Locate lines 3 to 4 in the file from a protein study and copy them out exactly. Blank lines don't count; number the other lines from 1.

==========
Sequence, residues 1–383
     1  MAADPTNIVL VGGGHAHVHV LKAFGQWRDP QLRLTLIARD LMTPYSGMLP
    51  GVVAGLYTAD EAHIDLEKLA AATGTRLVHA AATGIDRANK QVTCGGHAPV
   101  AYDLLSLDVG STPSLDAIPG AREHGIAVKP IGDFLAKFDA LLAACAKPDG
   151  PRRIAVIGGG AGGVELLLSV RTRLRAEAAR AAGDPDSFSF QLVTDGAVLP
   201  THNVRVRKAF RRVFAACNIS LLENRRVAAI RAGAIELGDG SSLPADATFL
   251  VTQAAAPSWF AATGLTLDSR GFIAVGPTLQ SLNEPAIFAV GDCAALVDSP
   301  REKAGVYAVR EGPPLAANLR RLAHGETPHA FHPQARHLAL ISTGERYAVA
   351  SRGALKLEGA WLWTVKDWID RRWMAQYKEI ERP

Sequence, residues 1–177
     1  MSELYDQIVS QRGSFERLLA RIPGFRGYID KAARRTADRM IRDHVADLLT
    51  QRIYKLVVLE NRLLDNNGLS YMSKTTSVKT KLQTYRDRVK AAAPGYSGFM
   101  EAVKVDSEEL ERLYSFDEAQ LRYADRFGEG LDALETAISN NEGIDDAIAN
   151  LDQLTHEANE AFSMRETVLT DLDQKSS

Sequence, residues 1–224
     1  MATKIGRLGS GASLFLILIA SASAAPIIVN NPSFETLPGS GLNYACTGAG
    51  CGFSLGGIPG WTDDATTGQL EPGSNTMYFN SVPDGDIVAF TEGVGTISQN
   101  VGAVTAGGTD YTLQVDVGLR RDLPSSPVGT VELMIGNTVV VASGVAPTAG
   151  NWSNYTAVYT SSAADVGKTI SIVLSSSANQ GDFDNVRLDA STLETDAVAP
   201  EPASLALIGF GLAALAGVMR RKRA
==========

    51  GVVAGLYTAD EAHIDLEKLA AATGTRLVHA AATGIDRANK QVTCGGHAPV
   101  AYDLLSLDVG STPSLDAIPG AREHGIAVKP IGDFLAKFDA LLAACAKPDG